The Problems of Team Building in Global Companies



Communication, trust and leadership problems manifest in globalcompanies. Team building in global companies implies that individualsfrom different cultures work together on the similar projects.Cross-cultural communication challenges emerge during team buildingin global companies, because team members do not share a similarlanguage, and behavior patterns. Globalization has made it possiblefor teams to work from diverse geographic regions. It gives rise tothe formation of virtual teams that use technology aidedcommunication to exchange ideas. Due to the lack of face-to-facecontact apparent in non-virtual teams, virtual team leaders face thechallenging task of having to diversify their leadership to meetdifferent culture needs. Trust issues emerge since it is difficult totrust people one is unfamiliar with, worse off people that do notmeet face-to-face. This paper evaluates the above problems of teambuilding in global companies.

As companies’ progress to diversify and different types oforganizing surface, team building in global companies is fastbecoming the norm. Global teams are gradually being used to deal withthe increasingly competitive, culturally diverse and multifacetedbusiness world. Global teams refer to groups of individuals fromdiverse nationalities working jointly on a similar project. Globalization has tremendously altered the business world. As aresult, markets have become international, advent types ofcompetition have arisen, and new types of collaboration have occurredpast boundaries. With advances in technology, global virtual teams,which converse electronically, have become a major organizationalinnovation. Team members complete projects over temporal and spatiallimits, frequently without one-on-one communication. Employees ininternationally distributed teams follow the similar projectobjectives, despite working from different regions. Unquestionably,it is difficult to manage team building in global companies due tothe associated problems of communication, leadership and trust.

Cross-cultural problems/ communication

Cross-cultural disparities are apparent amid diverse cultures. Thedisparities influence communication amid persons from diversecultures (Najafbagy, 2009). Because there are numerous companies,which have to function in diverse global regions, employees areexposed to unique cultures that they ought to absorb. The outcome isthat many problems may arise due to differences in culture amidglobal teams, majorly affecting communication (Najafbagy, 2009).Culture and communication cannot be separated. When exposed to adifferent culture, intercultural communication becomes inevitable.Within the multicultural place of work, characteristic of runningbusinesses globally, cultural obstacles to communication proliferate(Najafbagy, 2009). Apart from the apparent hardship in comprehendingindividuals who speak a different language, there are differentaspects, testing individuals attempting to work as teams with othersof dissimilar backgrounds. Persons from unlike regions of the globehave a dissimilar frame of reference, and might depict emotions in adifferent manner and depict unique conducts (Najafbagy, 2009).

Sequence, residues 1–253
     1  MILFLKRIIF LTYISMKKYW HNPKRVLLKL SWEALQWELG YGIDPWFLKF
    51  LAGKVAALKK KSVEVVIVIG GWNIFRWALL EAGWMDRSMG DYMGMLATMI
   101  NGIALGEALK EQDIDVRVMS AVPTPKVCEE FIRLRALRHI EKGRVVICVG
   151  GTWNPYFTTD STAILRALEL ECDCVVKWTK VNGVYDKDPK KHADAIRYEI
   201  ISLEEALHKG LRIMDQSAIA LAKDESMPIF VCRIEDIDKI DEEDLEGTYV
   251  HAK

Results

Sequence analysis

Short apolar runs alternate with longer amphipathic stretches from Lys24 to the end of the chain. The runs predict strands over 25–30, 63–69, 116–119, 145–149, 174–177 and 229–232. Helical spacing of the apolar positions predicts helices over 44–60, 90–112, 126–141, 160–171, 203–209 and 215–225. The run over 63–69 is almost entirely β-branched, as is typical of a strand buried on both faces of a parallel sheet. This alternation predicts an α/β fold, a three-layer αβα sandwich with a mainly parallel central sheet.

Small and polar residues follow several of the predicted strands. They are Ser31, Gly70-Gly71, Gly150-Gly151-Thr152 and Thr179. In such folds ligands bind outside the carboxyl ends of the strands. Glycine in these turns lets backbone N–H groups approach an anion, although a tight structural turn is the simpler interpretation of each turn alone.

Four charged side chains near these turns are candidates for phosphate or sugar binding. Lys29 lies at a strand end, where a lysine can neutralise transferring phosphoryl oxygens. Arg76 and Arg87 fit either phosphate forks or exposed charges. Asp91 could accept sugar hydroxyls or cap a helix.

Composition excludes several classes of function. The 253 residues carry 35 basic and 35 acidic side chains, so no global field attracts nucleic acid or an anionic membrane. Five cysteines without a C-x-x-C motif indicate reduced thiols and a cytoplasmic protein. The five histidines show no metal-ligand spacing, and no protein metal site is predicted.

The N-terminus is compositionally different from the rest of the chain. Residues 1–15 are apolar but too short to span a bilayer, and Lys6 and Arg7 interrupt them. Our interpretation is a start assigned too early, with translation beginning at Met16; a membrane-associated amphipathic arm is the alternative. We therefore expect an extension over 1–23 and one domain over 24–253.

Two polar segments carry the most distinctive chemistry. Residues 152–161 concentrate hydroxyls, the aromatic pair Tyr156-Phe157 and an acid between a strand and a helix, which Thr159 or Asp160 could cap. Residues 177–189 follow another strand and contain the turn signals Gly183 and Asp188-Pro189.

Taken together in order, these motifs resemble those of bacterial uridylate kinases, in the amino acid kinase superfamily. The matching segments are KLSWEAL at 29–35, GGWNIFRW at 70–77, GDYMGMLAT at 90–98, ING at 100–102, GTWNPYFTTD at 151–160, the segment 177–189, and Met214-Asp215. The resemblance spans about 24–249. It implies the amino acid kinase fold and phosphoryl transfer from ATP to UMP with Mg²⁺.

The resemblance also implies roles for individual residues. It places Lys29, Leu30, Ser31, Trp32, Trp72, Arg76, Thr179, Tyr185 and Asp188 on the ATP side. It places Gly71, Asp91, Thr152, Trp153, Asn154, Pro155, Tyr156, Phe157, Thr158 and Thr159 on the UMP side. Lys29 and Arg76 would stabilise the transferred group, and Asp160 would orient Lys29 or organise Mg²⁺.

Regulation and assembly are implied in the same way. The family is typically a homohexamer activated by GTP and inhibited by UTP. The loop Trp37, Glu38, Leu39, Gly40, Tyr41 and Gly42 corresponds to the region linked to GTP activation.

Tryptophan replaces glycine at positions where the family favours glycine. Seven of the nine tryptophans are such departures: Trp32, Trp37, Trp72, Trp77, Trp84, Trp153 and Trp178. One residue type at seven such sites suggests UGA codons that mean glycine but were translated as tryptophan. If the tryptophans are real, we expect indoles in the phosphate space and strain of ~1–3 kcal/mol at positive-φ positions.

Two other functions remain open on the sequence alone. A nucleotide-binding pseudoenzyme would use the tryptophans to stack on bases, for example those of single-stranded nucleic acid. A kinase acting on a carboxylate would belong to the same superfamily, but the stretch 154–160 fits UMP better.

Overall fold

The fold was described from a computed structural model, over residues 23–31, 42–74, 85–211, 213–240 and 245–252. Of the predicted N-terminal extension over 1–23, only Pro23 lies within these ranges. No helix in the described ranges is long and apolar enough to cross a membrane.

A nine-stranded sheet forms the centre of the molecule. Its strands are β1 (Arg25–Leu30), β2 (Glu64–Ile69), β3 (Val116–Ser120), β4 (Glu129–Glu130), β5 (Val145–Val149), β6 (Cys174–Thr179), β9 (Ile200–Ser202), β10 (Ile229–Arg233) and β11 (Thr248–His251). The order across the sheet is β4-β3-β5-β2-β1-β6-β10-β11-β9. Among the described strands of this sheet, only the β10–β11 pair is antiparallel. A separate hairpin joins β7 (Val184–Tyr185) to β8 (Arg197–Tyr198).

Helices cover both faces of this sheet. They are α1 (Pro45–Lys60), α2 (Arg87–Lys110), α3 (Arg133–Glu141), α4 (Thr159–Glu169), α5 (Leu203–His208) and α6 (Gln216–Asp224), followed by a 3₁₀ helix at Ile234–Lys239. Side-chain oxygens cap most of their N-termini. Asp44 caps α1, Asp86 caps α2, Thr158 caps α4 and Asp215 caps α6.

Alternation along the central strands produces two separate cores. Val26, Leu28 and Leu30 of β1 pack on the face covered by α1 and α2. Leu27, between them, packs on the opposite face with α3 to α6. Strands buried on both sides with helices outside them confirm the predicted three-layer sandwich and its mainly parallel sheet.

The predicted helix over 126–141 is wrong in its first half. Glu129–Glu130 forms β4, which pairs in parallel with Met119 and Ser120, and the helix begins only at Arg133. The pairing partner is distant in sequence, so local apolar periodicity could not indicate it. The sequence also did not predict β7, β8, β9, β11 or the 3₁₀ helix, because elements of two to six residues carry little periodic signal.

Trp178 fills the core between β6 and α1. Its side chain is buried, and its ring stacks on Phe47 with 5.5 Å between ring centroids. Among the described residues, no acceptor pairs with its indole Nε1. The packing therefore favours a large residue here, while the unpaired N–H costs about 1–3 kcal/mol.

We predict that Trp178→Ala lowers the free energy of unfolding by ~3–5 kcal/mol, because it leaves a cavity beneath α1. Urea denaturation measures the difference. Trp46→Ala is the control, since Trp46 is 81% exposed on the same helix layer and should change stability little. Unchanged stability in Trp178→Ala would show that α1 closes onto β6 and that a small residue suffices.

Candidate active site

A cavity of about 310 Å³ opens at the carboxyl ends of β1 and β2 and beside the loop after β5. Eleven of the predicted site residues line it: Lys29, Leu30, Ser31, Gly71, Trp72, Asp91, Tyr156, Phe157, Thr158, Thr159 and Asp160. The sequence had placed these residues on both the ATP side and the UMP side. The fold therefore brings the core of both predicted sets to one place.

Language is multifaceted and communication amid personscommunicating in unlike languages is hard. Language acts as a mannerof viewing the globe, and even experienced translators may find ithard to put across multifarious emotions and notions, which mayresult in misunderstandings amid global teams (Minkov, 2011). It iscommon for persons speaking the similar language to havemisunderstandings. Thus, it becomes even harder for persons fromdissimilar culture backgrounds to understand each other. Mistaken andantagonistic stereotypes of individuals from other regions can be animpediment to communication amid global teams (Minkov, 2011).Stereotypes are presumptions people make concerning thecharacteristics of those of a different group. Behavior disparitiesamid workers of dissimilar cultures can result in misinterpretations.Each culture has principles on what is regarded proper conduct(Minkov, 2011). For instance, some cultures refer to direct eyecontact while communicating as rude, whereas to others refrainingfrom the same is termed discourteous.

Unlike non-virtual teams that work within close proximity, sameoffices and interact one-on-one, virtual teams depend on technologyto communicate due to separate proximity (Gera, 2013). The technologycomprises of exchanging emails, using telephones to talk andgroupware, which are applications facilitating group work. Virtualteams are intricate compared to non-virtual teams. Geographicallydissolved communication lacks physical closeness, regularity ofcontact and extensiveness and profundity of physical signals vianon-verbal conversation (Gera, 2013). Other problems entail slowresponses, lack of feelings, and visual as well as audio contact.Members of the global virtual teams construe communicated informationvia intrinsic cultural prejudices, which may result inmisunderstandings or misrepresentation.

Cross-cultural management theories best explains the problems globalteams face in team building. Management explains the conduct ofpersons in companies all over the globe and demonstrates toindividuals how to work in companies with workers from diversecultures. The relevance of cross-cultural management arises from thegrowing co-operation amid companies in diverse nations where problemsmight come up due to the diverse cultural backgrounds. Theoristsexplain the function cross-cultural disparities play in a team. Inglobal companies, managers often face cultural differences that canimpede with the triumphant completion of work assigned to teams.

High and Low, context culture theory by Edward T. Hallassists in enhancing comprehension on the influential impact ofculture on communication (Halverson &amp Tirmizi, 2008). A majoraspect in the theory is context. The theory is important inexplaining the problems that management may encounter during teambuilding in global companies. It highlights the disparities that exitin individuals from different cultures when forming interpersonalrelationships, communication and engaging (Halverson &amp Tirmizi,2008).

High-context Cultures – these involves people from Africa,South America, Middle East and Asia. Hall suggests that people withhigh-context are relational, communalist, spontaneous and reflective(Halverson &amp Tirmizi, 2008). It implies that persons from thecultures insist on interpersonal associations. Building trust is asignificant initial step prior to working together as a team. Thecultures are communalist because they opt for group accord andconsensus, instead of personal attainment. Persons from the culturesare less directed by reasoning than instinct. The choices of wordswhen communicating are not as relevant as context, which may involvethe tone used when speaking, gestures, facial expressions and bodyposture. High-context communication is formal.